ICO issues guidance to help organisations handle data protection consequences of ransomware attacks

Attacks are becoming increasingly common

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Businesses and other organisations will welcome guidance from the Information Commissioner’s Office (ICO), Ransomware and data protection compliance, aimed at helping them comply with their data protection obligations if they are the victim of a ransomware attack.

Attacks on computer systems using ransomware (which the ICO describes as ‘a type of malicious software or “malware” designed to block access to computer systems, and the data held within them, using encryption’) is becoming increasingly common, with criminals demanding large sums to restore access to blocked computer systems.

One consequence of such attacks can be that, if data encrypted by the attacker includes personal data, data protection laws have been breached because the user will have lost timely access to that data.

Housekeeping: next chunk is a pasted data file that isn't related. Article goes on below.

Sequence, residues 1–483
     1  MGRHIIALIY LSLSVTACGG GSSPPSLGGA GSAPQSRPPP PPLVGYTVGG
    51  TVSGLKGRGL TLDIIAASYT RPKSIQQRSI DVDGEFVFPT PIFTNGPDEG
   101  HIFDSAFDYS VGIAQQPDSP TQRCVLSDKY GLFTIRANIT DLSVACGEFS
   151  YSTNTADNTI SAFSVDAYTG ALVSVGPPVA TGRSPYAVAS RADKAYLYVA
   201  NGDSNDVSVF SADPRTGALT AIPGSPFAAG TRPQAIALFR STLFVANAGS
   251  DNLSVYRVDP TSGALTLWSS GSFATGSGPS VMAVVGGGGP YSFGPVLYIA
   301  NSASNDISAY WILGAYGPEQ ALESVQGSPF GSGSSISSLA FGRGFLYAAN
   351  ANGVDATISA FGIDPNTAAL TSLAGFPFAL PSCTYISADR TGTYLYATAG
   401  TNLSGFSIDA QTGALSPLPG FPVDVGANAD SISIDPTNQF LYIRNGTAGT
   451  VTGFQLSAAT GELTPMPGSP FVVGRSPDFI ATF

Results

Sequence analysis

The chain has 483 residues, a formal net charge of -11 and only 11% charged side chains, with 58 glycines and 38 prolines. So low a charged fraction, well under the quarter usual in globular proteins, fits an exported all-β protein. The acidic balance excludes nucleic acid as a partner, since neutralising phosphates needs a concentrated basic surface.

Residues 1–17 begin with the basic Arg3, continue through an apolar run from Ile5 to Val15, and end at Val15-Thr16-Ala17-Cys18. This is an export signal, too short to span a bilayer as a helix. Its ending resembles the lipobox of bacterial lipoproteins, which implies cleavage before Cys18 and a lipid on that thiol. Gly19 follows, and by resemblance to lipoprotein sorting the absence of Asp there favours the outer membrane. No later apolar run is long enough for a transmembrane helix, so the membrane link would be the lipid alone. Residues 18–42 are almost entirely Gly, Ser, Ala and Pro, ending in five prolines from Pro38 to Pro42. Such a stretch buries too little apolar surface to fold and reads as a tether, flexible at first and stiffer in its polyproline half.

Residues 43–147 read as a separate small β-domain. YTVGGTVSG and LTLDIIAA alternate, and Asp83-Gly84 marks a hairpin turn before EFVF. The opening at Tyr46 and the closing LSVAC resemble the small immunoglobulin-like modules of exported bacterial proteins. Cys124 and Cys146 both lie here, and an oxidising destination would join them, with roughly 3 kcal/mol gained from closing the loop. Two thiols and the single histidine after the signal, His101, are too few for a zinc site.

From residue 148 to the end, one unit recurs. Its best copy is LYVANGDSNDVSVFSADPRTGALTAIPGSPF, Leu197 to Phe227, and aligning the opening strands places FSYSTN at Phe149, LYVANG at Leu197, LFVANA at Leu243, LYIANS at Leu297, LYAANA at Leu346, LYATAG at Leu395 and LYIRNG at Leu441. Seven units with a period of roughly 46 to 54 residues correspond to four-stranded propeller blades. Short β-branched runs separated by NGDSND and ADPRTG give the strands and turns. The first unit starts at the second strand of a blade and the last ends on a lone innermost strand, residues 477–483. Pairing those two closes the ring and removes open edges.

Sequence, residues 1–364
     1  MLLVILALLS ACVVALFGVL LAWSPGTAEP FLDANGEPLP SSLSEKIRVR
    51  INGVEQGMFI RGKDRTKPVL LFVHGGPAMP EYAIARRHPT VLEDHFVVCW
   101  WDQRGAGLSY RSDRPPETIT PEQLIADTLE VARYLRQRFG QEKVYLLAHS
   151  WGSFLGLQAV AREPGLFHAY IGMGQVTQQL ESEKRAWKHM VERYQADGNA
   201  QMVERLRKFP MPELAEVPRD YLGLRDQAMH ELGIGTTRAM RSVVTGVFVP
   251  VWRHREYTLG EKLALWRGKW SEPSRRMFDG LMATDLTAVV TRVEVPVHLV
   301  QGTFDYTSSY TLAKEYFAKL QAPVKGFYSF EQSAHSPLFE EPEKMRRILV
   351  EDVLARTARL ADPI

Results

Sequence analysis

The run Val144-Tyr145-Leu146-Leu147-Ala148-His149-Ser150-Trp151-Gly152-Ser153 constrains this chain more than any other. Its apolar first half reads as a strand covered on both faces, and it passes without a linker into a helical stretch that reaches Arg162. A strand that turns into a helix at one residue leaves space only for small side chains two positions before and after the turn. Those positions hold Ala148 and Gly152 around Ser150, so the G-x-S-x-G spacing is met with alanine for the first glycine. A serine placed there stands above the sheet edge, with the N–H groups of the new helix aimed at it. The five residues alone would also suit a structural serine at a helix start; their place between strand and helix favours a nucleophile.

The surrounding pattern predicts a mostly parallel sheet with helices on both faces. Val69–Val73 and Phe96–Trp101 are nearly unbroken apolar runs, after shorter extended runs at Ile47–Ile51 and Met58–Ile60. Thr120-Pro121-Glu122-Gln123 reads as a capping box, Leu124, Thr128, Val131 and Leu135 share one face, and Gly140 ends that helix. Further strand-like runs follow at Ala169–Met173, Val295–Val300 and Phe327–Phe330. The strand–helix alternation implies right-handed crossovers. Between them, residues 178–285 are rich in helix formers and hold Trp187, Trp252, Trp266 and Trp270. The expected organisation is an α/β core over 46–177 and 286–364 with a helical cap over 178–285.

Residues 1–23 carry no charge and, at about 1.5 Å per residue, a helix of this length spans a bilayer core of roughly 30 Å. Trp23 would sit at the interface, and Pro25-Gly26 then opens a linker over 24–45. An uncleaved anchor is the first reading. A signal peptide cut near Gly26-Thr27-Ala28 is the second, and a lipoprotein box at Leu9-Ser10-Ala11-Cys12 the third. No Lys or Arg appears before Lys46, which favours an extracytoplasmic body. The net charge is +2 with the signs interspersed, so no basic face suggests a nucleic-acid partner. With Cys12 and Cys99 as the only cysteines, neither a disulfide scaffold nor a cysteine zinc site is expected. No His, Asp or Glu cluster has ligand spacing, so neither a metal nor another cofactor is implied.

The ICO guidance provides organisations with a ten-point checklist, followed by eight scenarios illustrating how the ICO will approach ransomware attacks involving data protection breaches. It also provides useful indicators on how organisations can reduce the risks of an attack by taking steps to combat the most common tactics, techniques and procedures used by attackers to get access to computer systems and the data in them.

The guidance is not legally binding but the ICO is likely to take compliance (or non-compliance) into account when assessing data controllers’ actions following notification of a data protection breach arising from a ransomware attack.

The guidance also references various certifications, standards and assessments that may help different types of organisation to stop or reduce the effect of attacks in different circumstances, such as the National Cyber Security Centre’s Cyber Essentials certification for small and medium-sized enterprises. The guidance specifically notes that cyber attacks can affect small as well as larger businesses as they are often carried out on a scattergun rather than targeted basis.

It also notes that, despite the UK leaving the EU, guidelines issued by European bodies remain relevant and can help data controllers carry out data breach risk assessments.

Employers should download the guidance from the ICO website, and assess and review their policies, processes, procedures and staff training, to help protect computer systems from ransomware attacks and deal with any data protection consequences if one occurs.

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